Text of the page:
Lindly Haunani opened a box of her new “Spring Gelato” tinted translucent beads ready for stringing and our mouths watered at their lusciousness. The edges of the canes were accented with embossing powders. The petals are gently pinched, and shaped. They’re drilled after baking. More on Facebook.
Lindly works mise en place, creating all the components for her limited editions before she begins the assembly process.
PCD will unveil a bit more from Virginia tomorrow and reveal a more comprehensive wrap-up on this weekend’s StudioMojo.
France’s Nadege Honey telegraphs messages through her Dots and Dashes jewelry. This necklace says “Life is beautiful.”
“I wanted to create jewelry with meaning, where the piece itself is not the main focus, but rather the message is,” says Nadege. Decipher the Morse code of Happy Birthday, Thank You and other phrases in her Etsy shop.
You don’t need to know Morse code to enjoy the clear colors and graphic combinations in Nadege’s pieces which are best seen on Instagram, Pinterest, Facebook and her site.
Here’s a springy page of brooches from her design journal.
France’s Sylvie Peraud will be crossing the pond in June to teach her Unbalanced Necklace (shown here) and her Denim tricks at the Creative Arts Fest: Master Class Camp in Laurel, MD June 17-20.
I couldn’t resist that headline. Thought it might get your attention.
Sylvie likes dramatically balanced/unbalanced and cleverly constructed pieces. She’s already worked on rounds and squares and her almost triangular necklace was the next logical step. It’s completely made of polymer and the clasp is cleverly camouflaged.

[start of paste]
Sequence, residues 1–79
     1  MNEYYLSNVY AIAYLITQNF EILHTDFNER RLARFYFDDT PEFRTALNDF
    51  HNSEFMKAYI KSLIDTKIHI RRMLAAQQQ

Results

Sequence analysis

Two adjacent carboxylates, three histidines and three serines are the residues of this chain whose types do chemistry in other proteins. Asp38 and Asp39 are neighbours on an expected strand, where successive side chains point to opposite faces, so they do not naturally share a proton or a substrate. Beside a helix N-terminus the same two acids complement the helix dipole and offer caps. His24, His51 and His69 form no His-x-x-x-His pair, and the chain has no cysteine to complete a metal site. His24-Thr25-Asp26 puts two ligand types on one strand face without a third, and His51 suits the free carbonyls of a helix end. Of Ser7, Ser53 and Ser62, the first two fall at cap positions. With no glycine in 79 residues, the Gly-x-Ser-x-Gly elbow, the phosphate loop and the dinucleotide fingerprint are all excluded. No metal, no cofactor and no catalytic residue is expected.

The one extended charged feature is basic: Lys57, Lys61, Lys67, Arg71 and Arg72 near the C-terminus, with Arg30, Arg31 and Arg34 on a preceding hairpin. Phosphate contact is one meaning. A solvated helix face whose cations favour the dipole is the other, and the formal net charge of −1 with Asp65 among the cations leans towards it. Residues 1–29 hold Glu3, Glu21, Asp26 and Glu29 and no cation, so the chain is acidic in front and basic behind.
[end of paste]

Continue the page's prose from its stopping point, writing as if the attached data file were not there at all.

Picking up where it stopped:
How can colorfully decorated curls on a cord make such a happy statement?
The patterns are splashed on with abandon and the colors meld into each other. It looks like Italy’s Cecilia Leonini treated both sides of the polymer and darkened the edges. Would you guess that she used pastels for the base colors? Go to Facebook, Flickr, and Etsy to take a closer look.
Let’s hope Cecilia makes you giggle and smile on a day when giggles and smiles are very much needed.
Lindly Haunani’sCrayon Lei in Oranges and Greens is one of eight polymer treasures in the Spectrum exhibit on view through July 10 at the Racine Art Museum. The lei was created in 1998 when Lindly was experimenting with inclusions.
Wax from crayon shavings were mixed into the polymer and melted off during baking. The residual pigment colored the translucent polymer in a mottled pattern. Color is a central element to all three of Lindly pieces in the show.
Lindly gave me a Crayon Lei as an engagement gift that same year so it’s especially near and dear to my heart and I’m pleased to share it with you. Read more about her process in this PAA feature.
Pieces from Pier Voulkos, Dan Cormier and Jeff Dever are also part of the RAM show which focuses on works that use color as a defining principle in form and design. Read more and see the rest of the polymer works in the exhibit on the PolymerArtArchive.
I’ll forward my pile of tiles to Germany in one batch after April 30. You still have time! US artists can forward entries to: Cynthia Tinapple, 1 Hartford Court, Worthington, OH 43085.
An Instagram page shows a selection of entries. If yours hasn’t shown up on there, email me a photo and I’ll add it.
The polymer community was saddened by the loss of California’s Dottie McMillan. She was one of the first people I linked up with on the Prodigy bulletin board way back when. She was a writer, artist and good friend in the polymer community. Here’s an earlier PCD feature about her work.